Flying over Atlanta as I have done all too frequently in recent weeks, one is struck by the vast urban sprawl down below that used to be peculiar to places like Los Angeles. You can observe how the woods are being gobbled up acre by acre, as the construction of yet more suburban split-levels guns the engine of growth, delights the Home Depot stockholders and sucks in droves of Mexican laborers--or did until the recent housing debacle.
How appropriate, then, that the area should be facing a severe drought that ought to put the whole development scheme in serious doubt. While Georgia’s builders and planners (or anti-planners, more exactly) bulldozed forward to add their quota of tonnage to greenhouse gases, they have also harvested the result of this ill-advised strategy in the form of a globally-warmed water shortage. Gov. Sonny Perdue called upon the Lord recently in a prayer vigil on the statehouse steps, but unless something changes pretty soon, he’s going to need more than a good drenching from Jaysus to save the lifestyle he’s encouraged his constituents to expect as their due.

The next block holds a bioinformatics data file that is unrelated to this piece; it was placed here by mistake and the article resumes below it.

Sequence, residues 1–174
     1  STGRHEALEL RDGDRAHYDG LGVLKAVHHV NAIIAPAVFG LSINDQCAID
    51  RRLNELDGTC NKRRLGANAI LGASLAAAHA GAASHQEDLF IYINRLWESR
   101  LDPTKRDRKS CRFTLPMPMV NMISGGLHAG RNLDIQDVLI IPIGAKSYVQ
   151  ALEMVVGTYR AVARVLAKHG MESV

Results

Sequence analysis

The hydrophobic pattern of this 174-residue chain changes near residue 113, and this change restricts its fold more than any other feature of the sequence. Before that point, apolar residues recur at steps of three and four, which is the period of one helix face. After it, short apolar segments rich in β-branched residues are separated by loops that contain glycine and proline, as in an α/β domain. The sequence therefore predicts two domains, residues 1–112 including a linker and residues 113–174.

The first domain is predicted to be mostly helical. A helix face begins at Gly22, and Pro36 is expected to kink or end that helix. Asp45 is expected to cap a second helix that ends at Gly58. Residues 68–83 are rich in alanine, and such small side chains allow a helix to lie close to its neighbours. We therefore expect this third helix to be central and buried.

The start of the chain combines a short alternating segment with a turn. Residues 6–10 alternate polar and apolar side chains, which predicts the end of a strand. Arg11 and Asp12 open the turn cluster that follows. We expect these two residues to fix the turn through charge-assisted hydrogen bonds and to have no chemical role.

The optimistic news out of Bali about the eleventh-hour agreement on global warming forced upon Washington is welcome, of course. But it is hard to see this translating into a radical reshaping of the ‘facts on the ground’ that places like Atlanta have created. The new, planet-friendly city, if it does indeed come into being, will have to be far more dense with far less vehicular traffic than anything we’ve seen so far. Will we survive long enough to see the vast square mileage of suburban tracts named “Leafy Acres” and “Golden Meadow” turned into ghost towns of urban kitsch, right next to the pink flamingoes?